Sunday, August 31, 2014

Apples, pole beans, hawthorns and acorns

The firsts half of the long weekend has been pretty busy! Friday night, Jess and I went and did a big apple pick. There were so many apples, we ran out of containers and I ended up leaving a few that I could have gotten on the tree. 

Of course, Jennifer noted that I was a bit old to fall out of an apple tree and that I ought to govern myself accordingly, so maybe it was for the best. We arrived home and found Jennifer had made pie crust (!) so some apples were in the oven within an hour of being picked.

Much of the past few days has been spent processing the apples and I'm down from 35-40 gallons to six or seven. Jenn promises more pies and I can always make some more apple sauce or apple butter. Last night, we also pitched the yeast into the apple cider I pressed on Friday.

The rest of the garden has been pretty relentless. The pole beans are ready! Some went on the BBQ last night and the rest I blanched and froze for soup in the winter. There may be another harvest, we'll see how long the frost holds off. The tomatoes are also fairly intense so Jenn put her home ec degree to work and made bruschetta.

Last night we went out for a ride and checked on the Hawthorn berries Jess ran across in the valley. These are ripe-ish and taste rather insipid. There is a second patch we'll try in order to see if we can get a richer tasting berry for jelly.

Poking around, we also noticed the acorns on the oaks are ripening. I've read these can we washed to get the tannins out and then roasted and candied. We might try a small batch this year.

The museum's flowers are also in full bloom--one of the highlights of fall for us.

Now back to the kitchen--soup stock is bubbling and the dehydrator needs to be loaded up with more apple rings. I dreamed of apples last night... .

Friday, August 29, 2014

Autumn berries and apples

It is the last week of summer vacation for Jess so we tried to spend some time outside. One lunch hour we walked down through the river valley--which was lovely.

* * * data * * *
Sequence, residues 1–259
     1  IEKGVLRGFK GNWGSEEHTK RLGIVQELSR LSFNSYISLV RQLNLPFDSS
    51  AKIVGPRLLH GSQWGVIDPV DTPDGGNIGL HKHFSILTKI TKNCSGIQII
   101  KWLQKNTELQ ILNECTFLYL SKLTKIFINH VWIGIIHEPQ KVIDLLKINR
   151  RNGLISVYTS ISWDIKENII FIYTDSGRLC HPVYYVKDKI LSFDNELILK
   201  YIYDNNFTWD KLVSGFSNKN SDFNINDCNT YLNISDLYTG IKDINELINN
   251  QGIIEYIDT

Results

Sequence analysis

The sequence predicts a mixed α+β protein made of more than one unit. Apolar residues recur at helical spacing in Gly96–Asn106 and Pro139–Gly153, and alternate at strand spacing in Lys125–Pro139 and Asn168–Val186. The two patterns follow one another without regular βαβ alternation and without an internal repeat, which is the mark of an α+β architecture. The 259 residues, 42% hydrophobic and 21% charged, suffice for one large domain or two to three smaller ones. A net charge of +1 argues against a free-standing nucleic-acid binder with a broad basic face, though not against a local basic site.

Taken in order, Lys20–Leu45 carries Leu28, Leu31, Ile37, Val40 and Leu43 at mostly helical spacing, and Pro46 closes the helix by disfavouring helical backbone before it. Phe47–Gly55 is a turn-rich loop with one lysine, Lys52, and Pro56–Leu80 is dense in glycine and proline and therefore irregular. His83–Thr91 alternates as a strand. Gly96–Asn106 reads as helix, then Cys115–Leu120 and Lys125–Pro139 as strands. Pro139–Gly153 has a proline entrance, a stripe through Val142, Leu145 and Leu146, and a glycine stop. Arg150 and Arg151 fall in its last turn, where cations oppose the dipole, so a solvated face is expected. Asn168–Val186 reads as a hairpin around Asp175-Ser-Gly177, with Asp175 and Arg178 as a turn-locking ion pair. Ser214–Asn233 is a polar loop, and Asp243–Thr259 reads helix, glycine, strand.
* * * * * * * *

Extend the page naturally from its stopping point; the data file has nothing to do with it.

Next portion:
The smell of high bush cranberries is omnipresent and they are starting to ripen alongside the chokecherries. I'm waiting on the hawthorns for this year's foraging jelly experiment.

On a lark, we went to an archery range. With all of the '80s power ballads, I expect Jess's "what I did this summer" essay could be entitled 'The summer my dad went all Ted Nugent on me'. We both had fun at the range and I hope we'll go back this fall.

The garden is mostly giving us tomatoes. This was yesterday's harvest of cherry tomatoes. I think I will need to oven-roast and freeze some of these as we cannot keep up. There were also half a dozen eating tomatoes.

I ran out at lunch today and pressed a bunch of apples to make cider with. I needed the space as we're picking more apples tonight.

The pressing went well and I got 5 gallons. I added some sugar and dosed with campden tablets. I'll pitch the yeast tomorrow and watch the bubbling begin. I'd like to do a second batch this year-depeends on how big the haul of apples it tonight.

Sunday, August 24, 2014

Apples, garlic, tomatoes and potatoes

It has been a busy weekend, split between the bike, the garden and the kitchen. I finished processing the apples we picked last week. 

Most are awaiting cidering (this week, I think) and I turned the last five gallons into 10 litres of apple sauce. We're off to pick another tree tonight so I expect to be back at the stove tomorrow.

I pulled up the last of the peas (drying them for soups) as well as the hard-necked garlic. I got a number of really nice-sized bulbs plus some smaller ones. The thing about the small cloves is that home-grown garlic has so much more flavour than store-bought that tiny cloves are all you need.

The tomato onslaught continues. Between salads and giving some away, we've manage to stay on top of the cherry tomatoes.

The issue is soon going to be the eating and canning tomatoes, which are just starting to ripen.

We're undergoing neighbourhood revitalization (new curbs, sidewalks and roads). This is exciting but some of the design choices of the crews are interesting. This stretch has a challenging s-curve!

Out front our place, I pulled another row of potatoes. These were Russian blues (the empty row right in front of the sunflowers and corn) and turned out well. I got 5 gallons in 12 feet of row. Not bad given this was nasty clay that was underneath a tree last year.

I selected the best for next year's see and also put a few in the basement for storage. The rest are dinner over the next few weeks.There isn't enough time to get a cover crop on before the frost so I will just let the potatoes tops I dug in decompose and will then plant garlic here for next year.